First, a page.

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Dance Review

Sara Mearns leaps thrillingly over the lines with ‘Beyond Ballet’ at Jacob’s Pillow

Sara Mearns and Honji Wang performing “No. 1.”
Sara Mearns and Honji Wang performing “No. 1.”Christopher Duggan

BECKET — In her show “Beyond Ballet,” presented this week at Jacob’s Pillow Dance Festival, Sara Mearns, a star principal dancer with New York City Ballet, joins a long line of big-name ballet dancers who’ve leapt over any perceived dividing lines between ballet and modern dance. Sometimes Mearns has skipped over that line, à la Isadora — in recent years she’s performed some of Duncan’s iconic solos — or slithered over that line, à la Merce: in April she danced in “Night of 100 Solos,” the worldwide Cunningham centenary celebration.

Mearns, who gobbles up space with a thrilling largesse, a glistening musicality, and a formidable, clarifying technique, is an authentic mover regardless of what she’s dancing. This doesn’t mean she’s now a Duncan or a Cunningham expert — she’s not: these things take time and deep immersion. But she’s interested in exploring their movement, and is thus interesting to watch.


Mearns takes on yet another modern dance icon here: Martha Graham, whose 1933 “lost” solo “Ekstasis” was reconstructed (or “reimagined”) two years ago by Virginie Mécéne. Mearns’s humility is apparent in the fact that she doesn’t attempt the famous Graham contractions, or at least not very often. While I imagine that the sharply sucked-back pelvis one would see in a Graham-trained dancer would add to the elusive drama, Mearns is nonetheless marvelous in the solo, glamorous as she juts out a hip in her long sheath-like costume, sinuous as she twists and then untwists herself in the dance’s thematic circles of the torso and series of traveling turns.

In the program’s other solo, from Christopher Williams’s in-process “Daphnis & Chloé,” choreographed to Maurice Ravel’s 1912 score, Mearns manages to tell a ministory within the short excerpt. Costumed by Reid Bartelme and Harriet Jung in a flowing tunic-topped confection, Mearns conjures a captive-yet-free spirit: she mime-dances about the stage, either perching in back attitude, her arms and hands extended beseechingly forward, or softly lunging, eyes downcast, her curved arms a lovely shield.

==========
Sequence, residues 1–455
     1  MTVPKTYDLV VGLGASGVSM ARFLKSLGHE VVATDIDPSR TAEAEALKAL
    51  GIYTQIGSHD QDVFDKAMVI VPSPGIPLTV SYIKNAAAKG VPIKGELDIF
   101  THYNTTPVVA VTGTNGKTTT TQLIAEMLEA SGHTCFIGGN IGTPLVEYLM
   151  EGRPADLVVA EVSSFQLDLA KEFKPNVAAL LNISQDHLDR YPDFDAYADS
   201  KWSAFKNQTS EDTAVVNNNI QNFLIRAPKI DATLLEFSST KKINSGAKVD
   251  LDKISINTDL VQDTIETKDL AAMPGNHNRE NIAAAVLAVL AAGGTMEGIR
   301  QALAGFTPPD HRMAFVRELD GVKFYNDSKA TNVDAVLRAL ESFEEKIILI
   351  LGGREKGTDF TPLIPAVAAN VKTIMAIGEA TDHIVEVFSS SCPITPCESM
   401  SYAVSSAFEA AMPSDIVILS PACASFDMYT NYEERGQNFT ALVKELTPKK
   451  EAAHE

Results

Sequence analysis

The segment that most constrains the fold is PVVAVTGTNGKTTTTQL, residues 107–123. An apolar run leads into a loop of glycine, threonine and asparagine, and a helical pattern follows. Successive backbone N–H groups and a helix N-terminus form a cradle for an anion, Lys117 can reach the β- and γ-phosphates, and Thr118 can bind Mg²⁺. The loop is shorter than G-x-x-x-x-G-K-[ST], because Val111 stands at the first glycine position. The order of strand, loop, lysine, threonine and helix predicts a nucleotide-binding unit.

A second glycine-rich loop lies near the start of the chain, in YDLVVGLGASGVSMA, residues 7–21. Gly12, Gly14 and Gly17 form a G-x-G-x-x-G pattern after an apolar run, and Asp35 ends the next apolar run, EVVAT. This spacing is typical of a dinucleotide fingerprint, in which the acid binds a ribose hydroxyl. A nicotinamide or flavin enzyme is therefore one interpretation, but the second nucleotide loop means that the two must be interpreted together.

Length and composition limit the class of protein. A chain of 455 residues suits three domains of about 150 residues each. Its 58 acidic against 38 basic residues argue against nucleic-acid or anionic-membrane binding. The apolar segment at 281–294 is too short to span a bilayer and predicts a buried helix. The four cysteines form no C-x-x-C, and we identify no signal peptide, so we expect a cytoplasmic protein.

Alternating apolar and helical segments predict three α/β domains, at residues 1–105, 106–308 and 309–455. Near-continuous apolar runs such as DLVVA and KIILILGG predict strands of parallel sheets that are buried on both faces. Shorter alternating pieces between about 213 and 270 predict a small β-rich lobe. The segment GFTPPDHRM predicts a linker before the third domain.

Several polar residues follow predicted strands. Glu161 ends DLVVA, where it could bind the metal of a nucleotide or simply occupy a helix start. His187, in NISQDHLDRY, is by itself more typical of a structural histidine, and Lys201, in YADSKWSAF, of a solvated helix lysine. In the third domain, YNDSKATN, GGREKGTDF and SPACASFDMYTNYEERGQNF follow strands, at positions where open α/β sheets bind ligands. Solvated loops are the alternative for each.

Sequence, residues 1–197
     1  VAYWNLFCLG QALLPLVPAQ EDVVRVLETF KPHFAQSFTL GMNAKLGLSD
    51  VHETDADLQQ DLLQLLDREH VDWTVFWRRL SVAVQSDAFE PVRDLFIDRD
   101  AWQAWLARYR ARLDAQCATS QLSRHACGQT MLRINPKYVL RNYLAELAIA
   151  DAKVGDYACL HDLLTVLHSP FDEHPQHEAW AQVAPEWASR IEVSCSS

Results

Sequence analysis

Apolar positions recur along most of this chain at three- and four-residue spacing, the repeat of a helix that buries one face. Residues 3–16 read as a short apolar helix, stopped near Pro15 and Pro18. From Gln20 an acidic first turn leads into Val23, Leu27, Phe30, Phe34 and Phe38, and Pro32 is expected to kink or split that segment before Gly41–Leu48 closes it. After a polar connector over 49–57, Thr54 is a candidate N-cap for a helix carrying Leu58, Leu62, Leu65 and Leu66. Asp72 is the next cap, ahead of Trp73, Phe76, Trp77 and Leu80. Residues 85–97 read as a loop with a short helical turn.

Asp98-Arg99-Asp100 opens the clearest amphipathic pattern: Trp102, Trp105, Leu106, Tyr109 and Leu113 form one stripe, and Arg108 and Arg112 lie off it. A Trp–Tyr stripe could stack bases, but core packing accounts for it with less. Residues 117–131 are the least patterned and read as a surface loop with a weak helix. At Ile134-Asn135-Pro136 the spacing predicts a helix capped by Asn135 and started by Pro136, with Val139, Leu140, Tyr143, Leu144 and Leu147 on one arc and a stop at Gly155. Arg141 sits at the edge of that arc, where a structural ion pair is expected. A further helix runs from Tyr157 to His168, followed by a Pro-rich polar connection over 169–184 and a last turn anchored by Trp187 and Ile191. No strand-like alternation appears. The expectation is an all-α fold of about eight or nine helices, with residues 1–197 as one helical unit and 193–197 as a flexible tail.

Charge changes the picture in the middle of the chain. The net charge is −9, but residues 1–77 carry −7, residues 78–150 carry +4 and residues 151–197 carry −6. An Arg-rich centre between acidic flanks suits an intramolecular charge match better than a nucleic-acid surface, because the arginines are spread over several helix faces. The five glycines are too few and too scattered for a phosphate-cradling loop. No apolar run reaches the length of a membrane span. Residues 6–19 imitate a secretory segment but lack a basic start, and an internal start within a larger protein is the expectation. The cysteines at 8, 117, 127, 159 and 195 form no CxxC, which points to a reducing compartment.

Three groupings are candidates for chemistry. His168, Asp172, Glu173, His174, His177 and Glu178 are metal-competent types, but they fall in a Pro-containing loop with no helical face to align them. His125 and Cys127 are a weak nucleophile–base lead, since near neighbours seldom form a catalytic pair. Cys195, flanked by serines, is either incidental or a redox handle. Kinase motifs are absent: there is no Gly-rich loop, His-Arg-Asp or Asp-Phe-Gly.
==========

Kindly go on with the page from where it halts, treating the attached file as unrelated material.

In Liz Gerring’s 2017 subtly playful “Duet,” Mearns and fellow City Ballet principal Ashley Bouder tackle the choreographic puzzle pieces with deadpan aplomb. The title notwithstanding, the two are often apart, each running through disparate, Cunningham-like phrases — cool balances on one leg, swift direction-shifts — as if preparing backstage before a show. The randomness is pierced here and there with a sudden thrilling confluence of unison.

A similar sense of a separate-yet-together relationship binds Mearns and choreographer Jodi Melnick in Melnick’s new “Opulence into part 2.” As in “Duet,” the work’s purposeful arbitrariness is compelling rather than confounding. Mearns and Melnick are at times in their own worlds, at other times in friendly physical conversation with one another. Wearing sneakers and blue belted jumpsuits designed by Kaye Voyce, they noodle and pause in Melnick’s wonderful eccentricities in which limbs often move with a Twyla Tharp-like looseness but are punctuated with delicious specificities of say, little wiggles of the fingers — details that reward careful watching.

Though “No. 1,” a 2017 duet choreographed by Sébastien Ramirez and Honji Wang for Mearns and threatens to topple into a cliché — another ballet vs. contemporary dancer “battle” — the work avoids stereotype. Wang faux-awkwardly struggles to assume various ballet positions, then gapes longingly as Mearns, wearing a classical tutu and pointe shoes, moves fluidly through a series of barre exercises. Because of Wang’s own skill (she’s a fabulously fleet and articulate hip-hopper, but is also clearly and beautifully trained in ballet) the setup is at once funny and moving. The juxtaposition of the tall, blond, and white Mearns, in comparison with the shorter, German-Korean Wang, is possibly a quiet comment on outmoded ideas of what a ballerina “should” look like. But in the end what remains is the image of two women, each a powerfully beautiful dancer, sharing the stage and their gifts with us, but more importantly, with each other.


SARA MEARNS: BEYOND BALLET At Jacob’s Pillow Dance Festival, Becket, through Sunday. Tickets $20-65. 413-243-0745, www.jacobspillow.org

Janine Parker can be reached at parkerzab@hotmail.com.